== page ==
August 17, 2014

Special Issue of the German Law Journal -- "EU Citizenship: Twenty Years On"

Network member Russell Miller (W&L, also Editor-in-Chief of the German Law Journal)has passed on the announcement of a special issue entitled "EU Citizenship: Twenty Years On," edited by Patricia Mindus (Uppsala).  The announcement is below and the issues contents can be found here.

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What does it mean to be a citizen of the European Union?  The question cuts right to the heart of the project of re-locating state authority at level of the supranational European Union.

On one hand, the dream seems to have failed to capture the European imagination.  The World Cup's old national rivalries and the opaque voting patterns that play-out each year at the Eurovision Song Contest tell the story of a stubborn identification with the nation state.  European Union leaders were relieved to see that voter turnout in last spring's European election did not follow the decades-old trend of declines.  But turnout held steady at a mere 43%, leaving Guy Verhofstadt to celebrate the fact that “We have finally broken the downward trend of falling participation in European elections."

On the other hand, European citizenship resonates in its way, as any of us who wearily queue in the long, slow-moving "All Nationalities" or "All Other Passport" lines at European airports know all too well.  And the Internet is bursting with offers to sell EU citizenship for the pricy sum of GBP 150,000 (the market seems to be most active in Malta and Bulgaria).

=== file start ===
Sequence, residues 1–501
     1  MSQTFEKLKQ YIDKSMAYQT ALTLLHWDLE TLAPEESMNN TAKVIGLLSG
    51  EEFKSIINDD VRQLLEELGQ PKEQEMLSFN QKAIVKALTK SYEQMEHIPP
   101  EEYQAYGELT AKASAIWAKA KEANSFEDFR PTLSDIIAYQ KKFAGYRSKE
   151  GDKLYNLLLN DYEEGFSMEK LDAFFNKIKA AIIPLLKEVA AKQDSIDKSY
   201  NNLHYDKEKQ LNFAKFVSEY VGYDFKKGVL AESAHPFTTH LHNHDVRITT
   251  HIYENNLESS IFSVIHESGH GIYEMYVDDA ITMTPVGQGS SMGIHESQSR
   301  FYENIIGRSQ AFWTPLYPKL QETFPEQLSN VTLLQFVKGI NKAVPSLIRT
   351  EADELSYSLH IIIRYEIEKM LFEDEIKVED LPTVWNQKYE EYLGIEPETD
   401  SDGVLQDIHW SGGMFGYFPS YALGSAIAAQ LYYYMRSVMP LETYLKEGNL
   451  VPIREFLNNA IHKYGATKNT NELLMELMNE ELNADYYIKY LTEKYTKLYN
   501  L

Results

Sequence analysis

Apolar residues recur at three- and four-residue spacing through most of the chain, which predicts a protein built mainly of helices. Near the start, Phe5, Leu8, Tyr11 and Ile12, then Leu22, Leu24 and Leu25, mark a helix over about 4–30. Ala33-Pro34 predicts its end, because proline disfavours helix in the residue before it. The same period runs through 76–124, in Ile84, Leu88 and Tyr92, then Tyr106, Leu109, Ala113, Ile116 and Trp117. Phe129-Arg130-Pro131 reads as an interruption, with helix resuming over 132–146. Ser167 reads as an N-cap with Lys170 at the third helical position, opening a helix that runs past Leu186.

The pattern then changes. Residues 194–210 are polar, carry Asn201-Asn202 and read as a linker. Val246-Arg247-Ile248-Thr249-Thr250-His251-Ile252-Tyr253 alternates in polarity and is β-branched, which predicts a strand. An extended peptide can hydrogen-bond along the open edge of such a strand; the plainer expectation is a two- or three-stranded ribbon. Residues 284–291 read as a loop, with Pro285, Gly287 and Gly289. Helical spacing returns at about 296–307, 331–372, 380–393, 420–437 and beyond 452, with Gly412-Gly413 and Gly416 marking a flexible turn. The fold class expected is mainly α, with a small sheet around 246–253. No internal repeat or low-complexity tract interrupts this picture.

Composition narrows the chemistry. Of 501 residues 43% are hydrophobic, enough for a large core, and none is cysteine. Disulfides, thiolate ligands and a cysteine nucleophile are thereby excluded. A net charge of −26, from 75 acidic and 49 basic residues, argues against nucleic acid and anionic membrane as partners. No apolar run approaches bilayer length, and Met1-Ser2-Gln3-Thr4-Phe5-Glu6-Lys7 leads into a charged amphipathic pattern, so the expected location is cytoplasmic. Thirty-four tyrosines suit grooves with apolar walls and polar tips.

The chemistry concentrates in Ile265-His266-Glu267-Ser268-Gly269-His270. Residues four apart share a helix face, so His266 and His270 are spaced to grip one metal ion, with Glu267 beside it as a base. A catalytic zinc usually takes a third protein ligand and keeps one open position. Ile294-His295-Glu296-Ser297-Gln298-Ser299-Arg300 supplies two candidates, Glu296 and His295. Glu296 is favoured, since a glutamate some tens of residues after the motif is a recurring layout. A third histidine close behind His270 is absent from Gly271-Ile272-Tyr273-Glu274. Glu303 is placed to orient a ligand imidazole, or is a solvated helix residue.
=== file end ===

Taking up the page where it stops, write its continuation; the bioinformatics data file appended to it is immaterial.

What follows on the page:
Patricia Mindus of Uppsala University has assembled a special issue on European Citizenship - marking the 20th anniversary of the introduction of the concept in the Maastricht Treaty - that treats the question in all its complexity.  Prof. Mindus explains that "Much has happened in and across the EU since Union citizenship was first introduced. Though many question its value, few advocate its irrelevance. This special issue takes stock of how EU citizenship has evolved over the last two decades and what ideas it conveys into the future."  The German Law Journal is very pleased to publish this impressive collection.

August 13, 2014

Book Announcement: A Transatlantic Community of Law--Legal Perspectives on the Relationship between the EU and US Legal Orders (Fahey & Curtin, eds.)

We are pleased to announce the appearance of a new collective volume from Cambridge University Press, A Transatlantic Community of Law: Legal Perspectives on the Relationship between the EU and US Legal Orders, edited by network member Elaine Fahey (Amsterdam) along with her colleague (and friend of the network) Deirdre Curtin.  The book also includes a Foreword by network member Mark Pollack (Temple) and is of obvious interest to the readership here at europaeus|law.  An overview is below and more details can be found on the CUP page here.